When life is like a sweaty session at the gym

My legs were shaking. My butt was aching. Sweat was dripping down my back.

30 minutes on a bike in the gym.

 

As I stumbled off the bike and made my way to the exit I had two possible lines of thought on this.(I am someone with a constant internal monologue, which often becomes a dialogue with myself. If you’re an extrovert you will think I’m nuts – If you are an introvert , you know what I mean.)

First response (because the harsh critic is always the first to jump in with thoughts), ‘I can’t believe you are such a mess after just 30 minutes. I guess it’s because you’ve done nothing since Monday. You lack consistency. How do you ever expect to be fitter? I’m not sure why you even try.’

There are days when the possibility of thinking anything other than this would be slim. I’d just accept the self critique and feel a bit rubbish about myself.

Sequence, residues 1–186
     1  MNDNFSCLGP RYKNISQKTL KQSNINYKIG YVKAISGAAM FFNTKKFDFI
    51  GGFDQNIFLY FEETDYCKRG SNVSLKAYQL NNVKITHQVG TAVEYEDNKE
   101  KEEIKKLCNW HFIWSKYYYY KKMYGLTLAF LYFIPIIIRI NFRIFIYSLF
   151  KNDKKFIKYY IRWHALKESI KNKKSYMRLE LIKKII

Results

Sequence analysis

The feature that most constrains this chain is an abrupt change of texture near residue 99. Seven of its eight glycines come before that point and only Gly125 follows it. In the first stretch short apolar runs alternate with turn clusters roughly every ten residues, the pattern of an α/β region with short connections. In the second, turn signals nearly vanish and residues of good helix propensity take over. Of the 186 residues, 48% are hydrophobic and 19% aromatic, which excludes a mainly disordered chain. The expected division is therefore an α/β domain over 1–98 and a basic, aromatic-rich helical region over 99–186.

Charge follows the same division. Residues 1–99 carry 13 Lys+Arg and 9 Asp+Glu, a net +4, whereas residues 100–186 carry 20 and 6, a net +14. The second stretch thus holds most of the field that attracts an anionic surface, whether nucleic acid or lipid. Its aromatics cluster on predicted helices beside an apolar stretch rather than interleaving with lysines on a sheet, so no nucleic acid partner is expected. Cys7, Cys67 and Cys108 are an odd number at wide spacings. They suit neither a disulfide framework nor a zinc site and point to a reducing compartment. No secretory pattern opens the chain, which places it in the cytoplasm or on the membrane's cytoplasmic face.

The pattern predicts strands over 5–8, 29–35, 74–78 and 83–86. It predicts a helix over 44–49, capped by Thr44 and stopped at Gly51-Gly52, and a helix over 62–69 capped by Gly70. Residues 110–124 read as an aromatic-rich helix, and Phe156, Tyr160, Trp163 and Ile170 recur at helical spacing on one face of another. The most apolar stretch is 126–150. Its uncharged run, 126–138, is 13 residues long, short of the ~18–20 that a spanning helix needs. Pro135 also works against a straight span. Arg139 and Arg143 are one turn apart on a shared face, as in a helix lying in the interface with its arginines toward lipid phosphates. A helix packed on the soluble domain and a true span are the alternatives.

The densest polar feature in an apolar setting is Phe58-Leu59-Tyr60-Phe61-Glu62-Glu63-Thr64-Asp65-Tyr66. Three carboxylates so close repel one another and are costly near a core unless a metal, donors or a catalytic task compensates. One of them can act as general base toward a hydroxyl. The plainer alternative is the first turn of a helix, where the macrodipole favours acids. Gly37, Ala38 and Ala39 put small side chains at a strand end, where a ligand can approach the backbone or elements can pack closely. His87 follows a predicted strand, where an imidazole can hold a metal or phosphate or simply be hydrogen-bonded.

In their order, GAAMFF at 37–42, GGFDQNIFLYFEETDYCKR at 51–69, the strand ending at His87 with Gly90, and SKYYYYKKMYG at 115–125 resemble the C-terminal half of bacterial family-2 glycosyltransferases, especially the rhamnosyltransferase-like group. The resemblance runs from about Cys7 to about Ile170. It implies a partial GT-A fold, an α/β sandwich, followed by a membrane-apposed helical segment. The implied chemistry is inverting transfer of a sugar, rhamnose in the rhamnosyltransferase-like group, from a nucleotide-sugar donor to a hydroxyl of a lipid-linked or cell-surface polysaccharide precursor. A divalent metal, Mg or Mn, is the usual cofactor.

Not today. Maybe it’s because I’ve been reading and listening to Brene Brown on shame and vulnerability and daring greatly.

Maybe it’s because I took a silly facebook test this morning which promised to analyse my profile and come up with my ‘motto for 2015’; ‘The biggest mistake you can make in life is always being afraid you’ll make a mistake.’

For whatever reason I chose to think there might be another explanation for the shaky legs and the aching body.

‘It shows I tried’

It shows I tried, I showed up, I committed.

So take that inner critic.

I did a hard thing. And that is impressive.

I caught sight of myself in the car mirror as I drove away. I had pink cheeks. Trying may have made me shaky and sore, but it also gave me colour.

It made me think that so much of life is like my gym experience. We try things that are hard, particularly when we take creative or relational risks, and we wobble and shake a bit. It can hurt. It requires showing up even when we don’t really think we belong there and we wonder if it’s worth the hardships. But then we realize that we’ve got colour. We’re slipping into a place of feeling comfortable in our own skin. We’re more alert. We’re actually living, not simply existing.

So let’s not be afraid of failure.

Let’s not worry about being the pain and the perspiration.

Let’s keep showing up and noticing the colour.

 

 

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